Thursday, December 27, 2012

stat() nanosecond time resolution

$ stat foo
Access: 2012-12-27 15:07:08.020388663 +0300
Modify: 2012-12-27 15:07:08.020388663 +0300
Change: 2012-12-27 15:07:08.020388663 +0300

where does nanosecond precision come from?

man 2 stat

           struct stat {
               dev_t     st_dev;     /* ID of device containing file */
               ino_t     st_ino;     /* inode number */
               mode_t    st_mode;    /* protection */
               nlink_t   st_nlink;   /* number of hard links */
               uid_t     st_uid;     /* user ID of owner */
               gid_t     st_gid;     /* group ID of owner */
               dev_t     st_rdev;    /* device ID (if special file) */
               off_t     st_size;    /* total size, in bytes */
               blksize_t st_blksize; /* blocksize for file system I/O */
               blkcnt_t  st_blocks;  /* number of 512B blocks allocated */
               time_t    st_atime;   /* time of last access */
               time_t    st_mtime;   /* time of last modification */
               time_t    st_ctime;   /* time of last status change */

as we can see, stat struct contains ctime/mtime/atime, which are time_t, so it's quiet
unlikely to store nanosecond resolution.

The note part says:

Since kernel 2.5.48, the stat structure supports nanosecond resolution
for the three file timestamp fields.
Glibc exposes the nanosecond component
of each field using names of the form st_atim.tv_nsec if the  _BSD_SOURCE

or _SVID_SOURCE  feature  test  macro  is defined.   These  fields are specified in
POSIX.1-2008, and, starting
with version 2.12, glibc also exposes these field
names if _POSIX_C_SOURCE is defined with the value 200809L or
greater, or
_XOPEN_SOURCE is defined with the value 700 or greater.  If none of the
aforementioned macros are
defined, then the nanosecond values are exposed
with names of the form st_atimensec.  On file systems that do
not support
subsecond timestamps, the nanosecond fields are returned with the value 0.

GLIBC defines struct stat as

struct stat
  #if defined __USE_MISC || defined __USE_XOPEN2K8
      /* Nanosecond resolution timestamps are stored in a format
         equivalent to 'struct timespec'.  This is the type used
         whenever possible but the Unix namespace rules do not allow the
         identifier 'timespec' to appear in the header.
         Therefore we have to handle the use of this header in strictly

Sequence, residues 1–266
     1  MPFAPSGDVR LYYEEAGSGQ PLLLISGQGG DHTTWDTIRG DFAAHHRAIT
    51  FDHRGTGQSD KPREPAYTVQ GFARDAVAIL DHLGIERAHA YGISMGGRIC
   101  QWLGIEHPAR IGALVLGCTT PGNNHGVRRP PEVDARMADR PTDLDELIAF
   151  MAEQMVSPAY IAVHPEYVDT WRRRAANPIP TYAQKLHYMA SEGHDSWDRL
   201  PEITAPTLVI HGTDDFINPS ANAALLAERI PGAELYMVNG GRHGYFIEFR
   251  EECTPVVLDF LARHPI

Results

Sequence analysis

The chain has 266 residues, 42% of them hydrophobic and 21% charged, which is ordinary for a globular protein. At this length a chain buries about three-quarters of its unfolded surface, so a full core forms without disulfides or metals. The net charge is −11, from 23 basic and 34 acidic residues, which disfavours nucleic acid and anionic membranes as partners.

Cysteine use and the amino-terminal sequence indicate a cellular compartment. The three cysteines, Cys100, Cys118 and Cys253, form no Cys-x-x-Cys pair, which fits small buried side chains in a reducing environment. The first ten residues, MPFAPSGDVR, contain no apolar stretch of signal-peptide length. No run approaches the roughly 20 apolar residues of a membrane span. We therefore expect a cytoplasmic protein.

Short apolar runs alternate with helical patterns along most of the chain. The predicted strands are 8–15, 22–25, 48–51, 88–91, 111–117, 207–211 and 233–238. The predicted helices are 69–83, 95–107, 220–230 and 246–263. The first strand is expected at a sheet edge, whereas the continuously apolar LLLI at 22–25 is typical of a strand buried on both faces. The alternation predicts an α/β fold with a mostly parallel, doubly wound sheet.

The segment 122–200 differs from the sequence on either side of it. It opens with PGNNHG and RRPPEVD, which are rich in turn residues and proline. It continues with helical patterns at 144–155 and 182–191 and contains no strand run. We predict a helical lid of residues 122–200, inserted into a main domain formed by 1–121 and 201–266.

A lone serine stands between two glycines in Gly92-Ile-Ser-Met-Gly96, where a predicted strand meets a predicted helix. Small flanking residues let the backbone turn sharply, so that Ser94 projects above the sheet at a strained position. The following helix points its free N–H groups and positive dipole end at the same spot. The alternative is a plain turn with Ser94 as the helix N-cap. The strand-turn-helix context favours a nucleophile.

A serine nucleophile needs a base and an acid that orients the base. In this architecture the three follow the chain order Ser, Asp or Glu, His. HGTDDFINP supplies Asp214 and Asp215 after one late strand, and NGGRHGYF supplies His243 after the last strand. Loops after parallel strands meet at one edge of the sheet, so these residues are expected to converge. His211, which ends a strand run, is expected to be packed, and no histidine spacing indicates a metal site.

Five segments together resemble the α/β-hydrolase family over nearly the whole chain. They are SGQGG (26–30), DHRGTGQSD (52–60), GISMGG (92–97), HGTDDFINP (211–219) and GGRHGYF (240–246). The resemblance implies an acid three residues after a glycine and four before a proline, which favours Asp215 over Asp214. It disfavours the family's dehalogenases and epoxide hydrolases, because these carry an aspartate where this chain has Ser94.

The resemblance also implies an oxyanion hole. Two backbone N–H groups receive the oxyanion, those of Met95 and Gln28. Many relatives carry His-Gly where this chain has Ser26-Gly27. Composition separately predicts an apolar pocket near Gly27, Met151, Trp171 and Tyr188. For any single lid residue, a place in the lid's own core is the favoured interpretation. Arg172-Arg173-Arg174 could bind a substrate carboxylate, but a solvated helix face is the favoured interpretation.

standard-compliant sources special.  */

      struct timespec st_atim;          /* Time of last access.  */
      struct timespec st_mtim;          /* Time of last modification.  */
      struct timespec st_ctim;          /* Time of last status change.  */
  # define st_atime st_atim.tv_sec       /* Backward compatibility.  */
  # define st_mtime st_mtim.tv_sec
  # define st_ctime st_ctim.tv_sec
      __time_t st_atime;              
/* Time of last access.  */
      unsigned long int st_atimensec;    /* Nscecs of last access.  */
      __time_t st_mtime;               /* Time of last modification.  */
      unsigned long int st_mtimensec;    /* Nsecs of last modification.  */
      __time_t st_ctime;               /* Time of last status change.  */
      unsigned long int st_ctimensec;    /* Nsecs of last status change.  */

where MISC or XOPEN2K8 defs are coming from


 #if (_POSIX_C_SOURCE - 0) >= 200809L
 # define __USE_XOPEN2K8       1                                                                       
 # undef  _ATFILE_SOURCE
 # define _ATFILE_SOURCE 1


 #  if (_XOPEN_SOURCE - 0) >= 600
 #   if (_XOPEN_SOURCE - 0) >= 700
 #    define __USE_XOPEN2K8     1
 #    define __USE_XOPEN2K8XSI  1
 #   endif

 #if defined _BSD_SOURCE || defined _SVID_SOURCE
 # define __USE_MISC    1                                                                        

So it seems, that 'if defined __USE_MISC || defined __USE_XOPEN2K8' or
'if defined _BSD_SOURCE' is sufficient. However, the real world code(tm) is a bit more
complicated. Here is a small part of core-utils' stat:

 /* STAT_TIMESPEC (ST, ST_XTIM) is the ST_XTIM member for *ST of type
    struct timespec, if available.  If not, then STAT_TIMESPEC_NS (ST,
    ST_XTIM) is the nanosecond component of the ST_XTIM member for *ST,
    if available.  ST_XTIM can be st_atim, st_ctim, st_mtim, or st_birthtim
    for access, status change, data modification, or birth (creation)
    time respectively.

    These macros are private to stat-time.h.  */


 #  define STAT_TIMESPEC(st, st_xtim) ((st)->st_xtim)
 # else
 #  define STAT_TIMESPEC_NS(st, st_xtim) ((st)->st_xtim.tv_nsec)
 # endif

 # define STAT_TIMESPEC(st, st_xtim) ((st)->st_xtim##espec)
 #elif defined HAVE_STRUCT_STAT_ST_ATIMENSEC                                                                     
 # define STAT_TIMESPEC_NS(st, st_xtim) ((st)->st_xtim##ensec)
 # define STAT_TIMESPEC_NS(st, st_xtim) ((st)->st_xtim.st__tim.tv_nsec)

 /* Return the nanosecond component of *ST's status change time.  */
 static inline long int
(struct stat const *st)
 # if defined STAT_TIMESPEC
   return STAT_TIMESPEC (st, st_ctim).tv_nsec;
 # elif defined STAT_TIMESPEC_NS
   return STAT_TIMESPEC_NS (st, st_ctim);
 # else
   return 0;
 # endif


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